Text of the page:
Early this afternoon, Seattle Supersonics nation took a collective punch to the stomach after hearing that the NBA Relocation Committee voted unanimously 12-0 in favor of keeping the Kings in Sacramento.
Leaving Seattle once again, with the short end of the stick.
Being a diehard Seattle sports fan for 20 years, I have gone through my fair share of collegiate and professional heartache. I’ve witnessed a 0-12 Husky football season, and I’ve seen my beloved Mariners struggle for the past decade.
But after today’s news on the Sonics not returning in the fall, NOTHING compares to what I feel now.
I feel like a a nine-year-old child waiting for Santa Claus to bring presents under my tree on Christmas morning, only to wake up to nothing. I feel lied to, betrayed, but mostly, I just feel sadness, sadness that I will not be watching the Sonics this fall.
It’s been nearly three years since Chris Hansen publicly said he was interested in bringing the Sonics back home to Seattle and until now, there had been nothing but optimistic feelings around the team potentially coming back.
Everything the NBA wanted, Hansen accomplished.
When the NBA said you needed a sound ownership group, Hansen contacted Microsoft co-founder Steve Ballmer and Eric and Peter Nordstrom to join him in his hunt to bring basketball back to the Northwest.
Then Hansen needed to convince both King County and the City of Seattle that the arena proposal was a sound one. A task that Howard Schultz was unable to accomplish just five years ago, which is what ultimately resulted in the teams departure. But after a long grueling process, Hansen, yet again was able to close the deal.
Hansen was even able to become a majority owner of the Kings earlier this year after the Maloof brothers (current owners of the Sacramento Kings) agreed to a purchase agreement of the team for $550 million dollars.
But despite all of Hansen’s efforts and the fact that his ownership group is light-years ahead of anything brewing in Sacramento, NBA Commissioner David Stern has still given Seattle the middle finger.
WHO’S TO BLAME
If you’re looking for someone to shove your frustration to, do not look at Hansen, Ballmer or the Nordstrom brothers. They have gone above and beyond in their efforts to bring basketball back to our city, and without them we never would have had optimism in the first place.
Instead, direct your anger towards Stern. For those who are not aware of Stern’s tactics, he is a conniving but intelligent attorney who has been Commissioner of the NBA since 1984. He has relocated six NBA teams during his tenure, including our Sonics moving to OKC in 2008.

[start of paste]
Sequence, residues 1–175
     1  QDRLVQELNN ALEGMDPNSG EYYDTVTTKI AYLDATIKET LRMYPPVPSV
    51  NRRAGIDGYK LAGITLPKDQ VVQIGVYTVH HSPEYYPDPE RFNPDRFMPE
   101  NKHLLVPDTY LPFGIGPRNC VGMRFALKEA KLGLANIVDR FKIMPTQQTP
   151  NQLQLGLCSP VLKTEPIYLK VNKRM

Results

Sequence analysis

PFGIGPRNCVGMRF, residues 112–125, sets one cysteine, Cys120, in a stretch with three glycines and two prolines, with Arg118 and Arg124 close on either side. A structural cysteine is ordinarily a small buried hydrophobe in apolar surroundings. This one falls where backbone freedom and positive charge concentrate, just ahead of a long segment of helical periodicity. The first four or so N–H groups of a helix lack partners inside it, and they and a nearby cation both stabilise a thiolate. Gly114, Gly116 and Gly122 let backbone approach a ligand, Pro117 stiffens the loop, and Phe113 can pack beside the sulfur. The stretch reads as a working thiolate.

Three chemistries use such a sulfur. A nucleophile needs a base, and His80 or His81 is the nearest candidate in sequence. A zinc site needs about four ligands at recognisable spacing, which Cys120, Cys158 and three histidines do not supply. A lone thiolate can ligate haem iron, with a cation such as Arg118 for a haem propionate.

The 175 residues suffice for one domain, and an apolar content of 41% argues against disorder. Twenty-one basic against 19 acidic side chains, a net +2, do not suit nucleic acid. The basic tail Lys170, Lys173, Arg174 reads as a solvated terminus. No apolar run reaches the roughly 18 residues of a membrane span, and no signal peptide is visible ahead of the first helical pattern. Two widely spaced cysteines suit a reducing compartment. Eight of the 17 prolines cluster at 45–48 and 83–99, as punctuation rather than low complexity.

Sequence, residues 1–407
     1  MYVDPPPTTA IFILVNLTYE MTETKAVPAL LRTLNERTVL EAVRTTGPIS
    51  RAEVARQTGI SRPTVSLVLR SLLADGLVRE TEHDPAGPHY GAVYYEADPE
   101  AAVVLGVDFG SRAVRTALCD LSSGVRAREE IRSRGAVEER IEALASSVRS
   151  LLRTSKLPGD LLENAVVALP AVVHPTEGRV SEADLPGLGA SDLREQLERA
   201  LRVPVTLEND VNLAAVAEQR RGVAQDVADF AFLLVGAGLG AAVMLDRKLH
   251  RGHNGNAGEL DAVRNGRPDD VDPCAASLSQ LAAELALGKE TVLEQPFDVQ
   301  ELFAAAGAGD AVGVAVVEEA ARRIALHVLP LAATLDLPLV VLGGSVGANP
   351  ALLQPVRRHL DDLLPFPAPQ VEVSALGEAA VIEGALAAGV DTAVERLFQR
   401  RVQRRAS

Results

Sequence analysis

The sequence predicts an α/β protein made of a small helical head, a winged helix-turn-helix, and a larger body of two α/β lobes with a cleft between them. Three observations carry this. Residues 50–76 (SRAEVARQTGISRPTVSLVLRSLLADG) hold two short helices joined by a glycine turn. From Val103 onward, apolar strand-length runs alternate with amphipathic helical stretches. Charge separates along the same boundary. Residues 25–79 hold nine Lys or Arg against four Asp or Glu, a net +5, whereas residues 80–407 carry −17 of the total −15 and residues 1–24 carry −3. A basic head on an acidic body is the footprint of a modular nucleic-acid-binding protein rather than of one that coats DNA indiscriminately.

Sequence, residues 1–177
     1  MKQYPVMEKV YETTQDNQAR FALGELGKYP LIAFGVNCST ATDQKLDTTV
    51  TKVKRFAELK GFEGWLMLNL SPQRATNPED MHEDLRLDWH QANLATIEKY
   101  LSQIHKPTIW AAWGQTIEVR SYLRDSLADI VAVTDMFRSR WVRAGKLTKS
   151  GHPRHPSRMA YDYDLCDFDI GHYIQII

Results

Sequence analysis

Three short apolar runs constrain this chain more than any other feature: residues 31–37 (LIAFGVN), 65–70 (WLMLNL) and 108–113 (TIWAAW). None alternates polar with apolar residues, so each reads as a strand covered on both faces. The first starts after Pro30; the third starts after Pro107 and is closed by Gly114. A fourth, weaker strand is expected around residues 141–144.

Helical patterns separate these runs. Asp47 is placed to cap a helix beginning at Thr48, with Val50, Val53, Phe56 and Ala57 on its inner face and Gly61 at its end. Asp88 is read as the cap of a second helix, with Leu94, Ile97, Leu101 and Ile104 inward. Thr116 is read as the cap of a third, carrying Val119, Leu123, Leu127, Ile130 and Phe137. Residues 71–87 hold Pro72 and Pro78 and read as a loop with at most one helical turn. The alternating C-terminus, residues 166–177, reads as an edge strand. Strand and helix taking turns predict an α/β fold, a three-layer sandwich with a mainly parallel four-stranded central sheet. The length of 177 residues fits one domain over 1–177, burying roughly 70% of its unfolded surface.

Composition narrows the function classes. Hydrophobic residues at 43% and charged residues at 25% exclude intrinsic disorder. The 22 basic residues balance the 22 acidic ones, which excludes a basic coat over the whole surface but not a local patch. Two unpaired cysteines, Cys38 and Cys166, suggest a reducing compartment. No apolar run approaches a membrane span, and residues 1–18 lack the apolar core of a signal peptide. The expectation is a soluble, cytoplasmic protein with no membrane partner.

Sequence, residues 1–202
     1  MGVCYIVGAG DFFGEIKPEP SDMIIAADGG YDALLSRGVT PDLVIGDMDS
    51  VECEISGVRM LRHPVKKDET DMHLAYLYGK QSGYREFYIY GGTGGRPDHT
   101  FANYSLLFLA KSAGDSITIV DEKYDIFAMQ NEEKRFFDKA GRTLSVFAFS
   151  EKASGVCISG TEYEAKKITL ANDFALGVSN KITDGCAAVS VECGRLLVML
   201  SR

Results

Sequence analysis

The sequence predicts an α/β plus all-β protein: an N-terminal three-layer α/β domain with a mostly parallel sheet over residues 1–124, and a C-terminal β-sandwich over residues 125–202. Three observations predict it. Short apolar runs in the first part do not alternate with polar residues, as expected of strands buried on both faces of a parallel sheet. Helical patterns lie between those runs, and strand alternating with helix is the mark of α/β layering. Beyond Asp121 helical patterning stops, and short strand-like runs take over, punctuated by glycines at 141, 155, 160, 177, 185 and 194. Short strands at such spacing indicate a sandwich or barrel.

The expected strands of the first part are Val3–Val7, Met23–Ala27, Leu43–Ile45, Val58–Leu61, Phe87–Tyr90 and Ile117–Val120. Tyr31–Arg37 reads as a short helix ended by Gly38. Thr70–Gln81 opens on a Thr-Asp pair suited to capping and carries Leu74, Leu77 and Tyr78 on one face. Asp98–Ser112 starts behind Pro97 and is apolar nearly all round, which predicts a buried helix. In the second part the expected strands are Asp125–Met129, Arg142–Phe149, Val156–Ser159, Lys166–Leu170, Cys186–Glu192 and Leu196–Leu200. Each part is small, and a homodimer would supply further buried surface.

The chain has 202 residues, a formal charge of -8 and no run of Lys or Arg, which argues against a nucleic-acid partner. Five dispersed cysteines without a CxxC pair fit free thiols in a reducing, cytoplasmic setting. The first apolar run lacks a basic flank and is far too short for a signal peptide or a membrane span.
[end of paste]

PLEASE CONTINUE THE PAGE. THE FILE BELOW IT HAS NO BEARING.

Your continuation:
Last October Stern announced his retirement for February of 2014, which many believed would bode well for Seattle in getting a team back, hoping he (Stern) would want to right the wrongs of his past and bring a team back to Seattle.
But after today’s revelations that assumption couldn’t be farther from the truth.
Stern is a very egotistical man who deeply cares about his legacy as commissioner and moving seven teams in almost 30 doesn’t look all that great and in the end, that is why I believe the Hansen group got the FU from Stern.
You can also blame Sacramento Mayor Kevin Johnson. Johnson played 12 seasons in the NBA with the Cleveland Cavaliers and the Phoenix Suns from the late 80′s to early 2000′s.
I don’t feel anger towards Johnson, but honestly I am envious of him. I am envious that the city of Sacramento has a leader who was willing to do whatever it took to keep his cities struggling franchise. A leader I wish Seattle had just five years ago. If this was any city other than Sacramento, I truly believe Seattle would have basketball come October. But due to Johnson’s ferocious efforts, all signs are pointing that the Kings will not leave under his watch.
But in all reality, none of those men would even be discussed if it weren’t for Seattle Mayor Greg Nichols, who was mayor when the Sonics left. For those who don’t remember, Nichols didn’t even do the bare minimum in trying to keep professional basketball in Seattle. Instead, he settled with Oklahoma businessman Clay Bennett and let the Sonics leave without even hearing a verdict from a judge.
Nichols for the city of Seattle was the polar opposite of what Johnson was for the city of Sacramento. And it is Nichols, not Stern or Johnson, who is truly to blame for why basketball is not here.
WHAT’S NEXT FOR HANSEN, SEATTLE
It looks like all we can do is wait and see. I know that’s the last thing anyone wants to hear, but it is the only option we have left.
The city of Seattle is the biggest bargaining chip that the NBA has. Whenever a team is struggling to make money or struggling to build a new arena, all the NBA has to do is point up north to Seattle and say “Hey if you don’t get your stuff together, we have a place where your team can go.”
But other than that it appears Seattle won’t have basketball in the forseeable future.
There have been rumors of expansion, but with a lot of owners already losing money on a year-to-year basis why would league owners agree to give up an additional 3% of an already diluted amount of money?
No one knows what will happen for sure, but many have speculated all Seattle can do is to continue to wait for a current NBA franchise to struggle and hopefully Hansen can try and buy that team.
The NBA Owners will officially vote on the possible (but unlikely) relocation of the Kings on May 13. Seattle will need 23 yes’ out of 30 for the Kings to be moved.
OTHER POSSIBLE RELOCATION TEAMS IN NEAR FUTURE:
- Milwaukee Bucks
- Atlanta Hawks
- Memphis Grizzlies
- Charlotte Bobcats